By Tony Fong
Lee Hood’s newly launched company, Integrated Diagnostics, will try to leverage previously discovered biomarkers and translate them into tests for a broad range of diseases.
The company, whose debut this week was funded with $30 million in a Series A financing round, said it intends to put its first test on the market within four years.
While proteomics will play a major role in Integrated Diagnostics’ plans, Paul Kearny, a co-founder, president, and chief scientific officer, said the Seattle-based shop is not strictly a proteomic diagnostics firm because technologies other than mass spectrometers will be used.
Indeed, in its statement announcing its launch, the company said that it will develop products based on breakthroughs using both genomic and proteomic technologies to identify organ-specific proteins.
"We'll be licensing a lot of the discovery data” from Hood’s other endeavor, the Institute for Systems Biology, and other undisclosed places, "so we won't be doing a lot of the discovery work ourselves," Kearny told ProteoMonitor. "We'll be using organ-specific proteins as well as disease-modulated proteins in our discovery sets."
Integrated Diagnostics plans to verify those biomarkers by multiple-reaction monitoring, and then develop assays in a high-throughput manner. Kearny said the assays will be "much larger than assays that have been reported in the literature or [are] available commercially."
While the approach of many protein-based diagnostics development has been to run studies on a small handful of biomarkers, Integrated Diagnostics is taking a contrapuntal strategy.
The traditional approach raises the risk of failure because no one can know which proteins will complement each other on a panel, so "it's much more reliable to do a verification of 500 proteins and find out then which 10 or 15 work well together to form a diagnostic panel," Kearny said.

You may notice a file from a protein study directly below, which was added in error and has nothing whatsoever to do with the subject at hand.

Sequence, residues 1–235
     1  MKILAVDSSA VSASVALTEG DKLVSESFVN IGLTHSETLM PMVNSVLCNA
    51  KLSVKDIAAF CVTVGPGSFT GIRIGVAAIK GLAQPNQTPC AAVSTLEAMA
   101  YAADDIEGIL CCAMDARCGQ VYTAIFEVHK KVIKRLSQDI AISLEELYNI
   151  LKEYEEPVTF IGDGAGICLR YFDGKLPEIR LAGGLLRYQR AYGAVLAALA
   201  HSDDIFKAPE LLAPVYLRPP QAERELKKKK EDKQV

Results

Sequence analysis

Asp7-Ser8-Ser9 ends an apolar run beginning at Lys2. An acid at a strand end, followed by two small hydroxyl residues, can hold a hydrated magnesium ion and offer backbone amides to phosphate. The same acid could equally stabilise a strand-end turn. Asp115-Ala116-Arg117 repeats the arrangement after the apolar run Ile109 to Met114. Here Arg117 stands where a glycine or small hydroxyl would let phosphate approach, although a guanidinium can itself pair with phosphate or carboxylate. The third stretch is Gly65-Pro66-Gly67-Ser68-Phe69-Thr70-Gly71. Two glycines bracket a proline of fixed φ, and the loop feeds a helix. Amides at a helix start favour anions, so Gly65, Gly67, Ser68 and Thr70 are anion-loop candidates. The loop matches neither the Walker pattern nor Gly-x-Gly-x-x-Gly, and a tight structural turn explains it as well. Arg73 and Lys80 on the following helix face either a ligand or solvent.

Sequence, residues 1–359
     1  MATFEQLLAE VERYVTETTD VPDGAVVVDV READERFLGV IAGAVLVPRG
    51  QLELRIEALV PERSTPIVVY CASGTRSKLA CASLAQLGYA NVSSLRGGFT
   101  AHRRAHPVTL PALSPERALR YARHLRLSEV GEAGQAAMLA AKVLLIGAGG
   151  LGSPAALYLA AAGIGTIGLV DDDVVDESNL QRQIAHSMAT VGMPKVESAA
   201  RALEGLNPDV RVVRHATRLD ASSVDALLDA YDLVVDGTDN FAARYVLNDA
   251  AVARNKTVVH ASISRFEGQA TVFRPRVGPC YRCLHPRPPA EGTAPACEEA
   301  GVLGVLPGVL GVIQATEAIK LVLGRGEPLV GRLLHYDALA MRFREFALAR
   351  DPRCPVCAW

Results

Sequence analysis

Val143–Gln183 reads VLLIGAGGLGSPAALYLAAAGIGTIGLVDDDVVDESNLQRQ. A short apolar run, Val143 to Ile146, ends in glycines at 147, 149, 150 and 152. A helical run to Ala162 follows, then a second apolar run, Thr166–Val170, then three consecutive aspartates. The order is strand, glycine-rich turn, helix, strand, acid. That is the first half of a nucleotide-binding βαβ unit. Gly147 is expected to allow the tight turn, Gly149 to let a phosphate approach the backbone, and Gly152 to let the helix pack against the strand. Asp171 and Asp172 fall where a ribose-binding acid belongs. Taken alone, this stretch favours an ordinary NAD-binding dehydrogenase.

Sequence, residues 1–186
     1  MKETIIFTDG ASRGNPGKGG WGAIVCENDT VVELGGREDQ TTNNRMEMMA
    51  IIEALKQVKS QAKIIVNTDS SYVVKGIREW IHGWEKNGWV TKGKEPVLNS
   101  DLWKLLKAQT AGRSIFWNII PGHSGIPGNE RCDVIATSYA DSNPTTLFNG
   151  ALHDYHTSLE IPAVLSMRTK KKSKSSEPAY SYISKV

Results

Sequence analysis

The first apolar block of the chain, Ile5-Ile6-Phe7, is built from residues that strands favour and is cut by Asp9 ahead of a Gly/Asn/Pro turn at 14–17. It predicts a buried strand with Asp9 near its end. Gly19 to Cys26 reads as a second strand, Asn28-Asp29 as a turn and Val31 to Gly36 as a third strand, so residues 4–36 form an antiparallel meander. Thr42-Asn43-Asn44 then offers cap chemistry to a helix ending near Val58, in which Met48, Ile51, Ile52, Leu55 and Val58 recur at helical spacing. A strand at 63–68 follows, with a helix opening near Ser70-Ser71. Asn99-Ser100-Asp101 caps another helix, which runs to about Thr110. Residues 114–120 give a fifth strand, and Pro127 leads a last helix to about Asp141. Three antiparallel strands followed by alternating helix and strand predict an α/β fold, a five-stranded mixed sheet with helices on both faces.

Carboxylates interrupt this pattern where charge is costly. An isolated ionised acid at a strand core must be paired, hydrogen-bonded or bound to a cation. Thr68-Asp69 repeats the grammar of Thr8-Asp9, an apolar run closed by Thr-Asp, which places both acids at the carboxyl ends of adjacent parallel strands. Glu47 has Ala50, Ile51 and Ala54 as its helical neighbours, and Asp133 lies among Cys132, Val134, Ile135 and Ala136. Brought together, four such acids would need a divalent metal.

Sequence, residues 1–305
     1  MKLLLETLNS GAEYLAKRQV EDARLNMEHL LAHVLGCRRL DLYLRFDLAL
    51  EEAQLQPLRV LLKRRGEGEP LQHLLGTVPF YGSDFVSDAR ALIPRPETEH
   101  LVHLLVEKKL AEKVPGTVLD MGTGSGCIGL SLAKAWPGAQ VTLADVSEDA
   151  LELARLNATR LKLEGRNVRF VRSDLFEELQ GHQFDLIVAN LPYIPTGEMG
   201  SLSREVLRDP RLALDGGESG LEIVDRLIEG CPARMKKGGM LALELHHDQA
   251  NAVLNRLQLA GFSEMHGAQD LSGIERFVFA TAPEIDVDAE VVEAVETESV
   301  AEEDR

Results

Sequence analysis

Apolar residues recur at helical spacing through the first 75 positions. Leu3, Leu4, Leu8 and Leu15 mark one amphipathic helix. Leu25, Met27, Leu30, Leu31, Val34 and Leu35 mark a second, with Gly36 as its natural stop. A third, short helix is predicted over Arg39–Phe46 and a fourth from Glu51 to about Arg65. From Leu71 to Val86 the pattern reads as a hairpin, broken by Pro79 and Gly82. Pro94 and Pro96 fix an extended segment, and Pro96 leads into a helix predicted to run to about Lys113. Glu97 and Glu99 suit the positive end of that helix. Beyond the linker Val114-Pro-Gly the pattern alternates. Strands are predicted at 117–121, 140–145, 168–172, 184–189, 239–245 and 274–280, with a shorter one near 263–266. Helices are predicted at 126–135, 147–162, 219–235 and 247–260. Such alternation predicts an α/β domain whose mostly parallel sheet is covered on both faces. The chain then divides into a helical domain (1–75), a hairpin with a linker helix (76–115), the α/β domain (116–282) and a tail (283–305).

”What we've tried to do at Integrated Diagnostics is say: ‘What are the best technologies out there right now for bringing a proteomics-based diagnostic to market, and what are the components that you need?’" Kearny said.
"And you certainly need the ability to monitor a large number of proteins because in personalized medicine and complex diseases, if you take an individual who's on a drug and has a complex disease, and you're trying to determine if the drug is the right drug for that person, and monitoring the progression of the disease, it's unrealistic to think that a handful of proteins is going to be sufficient to understand that situation," he added.
The company, whose tests will be blood-based, is targeting the lab-based diagnostics market. It has not yet decided what diseases specifically to target but is generally interested in those with clinically unmet needs.
While genomic approaches lend themselves well to some ailments, such as breast and prostate cancer, because getting tissue samples is relatively straightforward, tissue sampling for other cancers, as well as central nervous system diseases such as Alzheimer's disease, is not as simple.
"We're looking at the market in a sophisticated way in terms of both the business side [and] the technical feasibility: Which indications lend themselves to our technology?" Kearny said.
The initial assay development and verification work will be mass spec-based. Integrated Diagnostics also has licensed a protein-affinity reagent technology that uses synthetic peptides as a replacement for antibodies. The technology was developed by James Heath, a co-founder of the company and a professor of chemistry at the California Institute of Technology.
According to Kearny, the technology is "extremely highly stable over antibodies, which can be quite fickle to handle." He added that it can reduce the development time and manufacturing costs of high-affinity protein capture agents by 25- to 50-fold over traditional antibody development approaches.
In addition, the company licensed a microfluidic technology, also developed by Heath, that uses a barcode chip to measure a panel of proteins over a wide dynamic range [See PM 12/05/08].